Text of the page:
The goal of the Alpheios project is to help people learn how to learn languages as efficiently and enjoyably as possible, and in a way that best helps them understand their own literary heritage and culture, and the literary heritage and culture of other peoples throughout history. One of the principal tools, a Firefox plugin, allows a reader to browse a web page with Latin, ancient Greek, or Arabic, click on a word, and get a definition and morphological analysis of the word.
ANNIS2 is an open source, versatile web browser-based search and visualization architecture for complex multilevel linguistic corpora with diverse types of annotation. ANNIS, which stands for ANNotation of Information Structure, has been designed to provide access to the data of the SFB 632 ("Information Structure: The Linguistic Means for Structuring Utterances, Sentences and Texts").
The purpose of ATLAS.ti is to help researchers uncover and systematically analyze complex phenomena hidden in text and multimedia data. The program provides tools that let the user locate, code, and annotate findings in primary data material, to weigh and evaluate their importance, and to visualize complex relations between them.
This online tool can be used for a wide variety of annotation tasks, including visualization and collaboration.
brat is designed in particular for structured annotation, where the notes are not freeform text but have a fixed form that can be automatically processed and "interpreted" by a computer. brat also supports the annotation of n-ary associations that can link together any number of other annotations participating in specific roles. brat also implements a number of features relying on natural language processing techniques to support human annotation efforts.
CHET-C, or Chapel Hill Electronic Text-Converter, is a software tool designed to convert digital texts that employ standard typographic editorial conventions into EpiDoc-compliant XML files. A series of regular expressions are applied to the source document and the results are placed into a “shell file” (i.e., a template), which can be customised in advance. The regular expressions are stored in a separate configuration file to permit customisation, but this file is generated from regular expressions embedded in the EpiDoc Guidelines source files.
Parts-of-Speech (POS) tagging software - the classification of words into one or more categories based upon its definition, relationship with other words, or other context. CLAWS (Constituent Likelihood Automatic Word-tagging System) uses several methods to identify parts of speech., most notably a system called Hidden Markov models (HMMs) which involve counting cases and making a table of the probabilities of certain sequences of words.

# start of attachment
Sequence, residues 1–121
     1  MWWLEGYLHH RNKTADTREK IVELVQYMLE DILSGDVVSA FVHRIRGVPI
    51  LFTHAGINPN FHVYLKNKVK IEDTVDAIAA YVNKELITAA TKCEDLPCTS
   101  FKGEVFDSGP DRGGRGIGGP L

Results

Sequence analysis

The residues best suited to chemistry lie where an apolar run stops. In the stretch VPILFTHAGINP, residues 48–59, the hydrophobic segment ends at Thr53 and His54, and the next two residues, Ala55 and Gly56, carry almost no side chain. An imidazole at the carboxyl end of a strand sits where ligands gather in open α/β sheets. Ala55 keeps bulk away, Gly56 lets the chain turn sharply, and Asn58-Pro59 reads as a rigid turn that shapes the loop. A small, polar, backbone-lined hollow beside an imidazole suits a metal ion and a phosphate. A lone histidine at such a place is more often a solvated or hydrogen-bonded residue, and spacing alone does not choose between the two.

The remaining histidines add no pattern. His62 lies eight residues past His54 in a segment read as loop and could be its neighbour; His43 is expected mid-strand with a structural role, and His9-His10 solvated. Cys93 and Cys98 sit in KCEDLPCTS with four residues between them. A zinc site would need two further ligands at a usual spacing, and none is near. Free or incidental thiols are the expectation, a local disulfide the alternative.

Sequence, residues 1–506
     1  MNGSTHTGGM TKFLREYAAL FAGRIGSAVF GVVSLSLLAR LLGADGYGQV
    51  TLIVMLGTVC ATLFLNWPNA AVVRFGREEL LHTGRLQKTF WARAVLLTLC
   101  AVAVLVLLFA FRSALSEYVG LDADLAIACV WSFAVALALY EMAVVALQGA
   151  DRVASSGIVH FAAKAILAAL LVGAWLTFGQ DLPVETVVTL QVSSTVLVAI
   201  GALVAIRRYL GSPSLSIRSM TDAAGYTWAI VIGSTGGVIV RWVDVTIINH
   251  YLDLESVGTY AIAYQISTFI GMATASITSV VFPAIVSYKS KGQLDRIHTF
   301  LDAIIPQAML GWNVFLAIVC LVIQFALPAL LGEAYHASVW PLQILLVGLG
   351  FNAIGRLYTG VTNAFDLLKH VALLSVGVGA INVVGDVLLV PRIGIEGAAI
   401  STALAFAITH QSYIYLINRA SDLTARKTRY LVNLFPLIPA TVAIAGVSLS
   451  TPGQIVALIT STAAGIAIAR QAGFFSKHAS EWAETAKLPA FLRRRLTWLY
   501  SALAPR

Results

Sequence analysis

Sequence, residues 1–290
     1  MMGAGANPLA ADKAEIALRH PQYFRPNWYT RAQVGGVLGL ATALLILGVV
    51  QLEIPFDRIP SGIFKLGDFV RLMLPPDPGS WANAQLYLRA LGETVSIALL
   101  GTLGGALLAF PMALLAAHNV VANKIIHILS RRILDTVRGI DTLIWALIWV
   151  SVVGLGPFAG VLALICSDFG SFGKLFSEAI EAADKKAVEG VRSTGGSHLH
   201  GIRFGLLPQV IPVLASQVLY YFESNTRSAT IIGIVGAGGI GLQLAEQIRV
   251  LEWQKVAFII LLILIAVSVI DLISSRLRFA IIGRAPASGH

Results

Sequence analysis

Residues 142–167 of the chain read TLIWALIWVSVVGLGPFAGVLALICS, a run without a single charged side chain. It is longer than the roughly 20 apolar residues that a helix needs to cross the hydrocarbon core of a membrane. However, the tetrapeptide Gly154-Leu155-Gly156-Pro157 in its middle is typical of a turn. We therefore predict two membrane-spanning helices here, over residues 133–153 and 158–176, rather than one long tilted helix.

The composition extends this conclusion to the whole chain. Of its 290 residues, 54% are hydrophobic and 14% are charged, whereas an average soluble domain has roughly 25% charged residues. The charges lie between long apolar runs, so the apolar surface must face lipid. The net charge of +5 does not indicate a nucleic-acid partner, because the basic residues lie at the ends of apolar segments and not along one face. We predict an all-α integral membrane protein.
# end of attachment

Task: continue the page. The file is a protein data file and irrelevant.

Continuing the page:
CollateX-based text collation client. CollateX, run on an server independent from the URL above, is a powerful, fully automatic, baseless text collation engine for multiple witnesses. A second collation technique, ncritic, provides a slightly different baseless text collation. Each engine complements each other nicely. The user can use different files, even URLs, then output the result in GraphML, TEI, JSON, HTML, or SVG. Fuzzy matching is an option.
A software tool for performing concordance – the analysis of a set of words within its immediate context - on a body of text. The tool performs full concordance, reading and analysing each and every word in a text. It was initially written for the analysis of English texts, but has since been extended to cater for other Western languages. Limited support is also provided for text in East Asian scripts, such as Chinese and Korean.
After creating a free account, users can submit requests for mining and analyzing JSTOR content. By submitting a query, a user will receive a random sample of 1,000 of JSTOR's 4.6 million documents; more documents can be received by contacting JSTOR directly. Users can choose to receive the following results:
Citations Only (all requests come with citations by default)
DiscoverText allows users to import data from a variety of sources (including Facebook & Twitter feeds, plain text, Word, Excel, public YouTube comments, blogs/wikis, PDF, etc.), code them, and generate tag clouds and reports.
EPPT allows users to encode image-based scholarly editions without having to know XML syntax. It automates or semi-automates repeating attributes, and provides templates to reduce errors and accelerate the encoding process.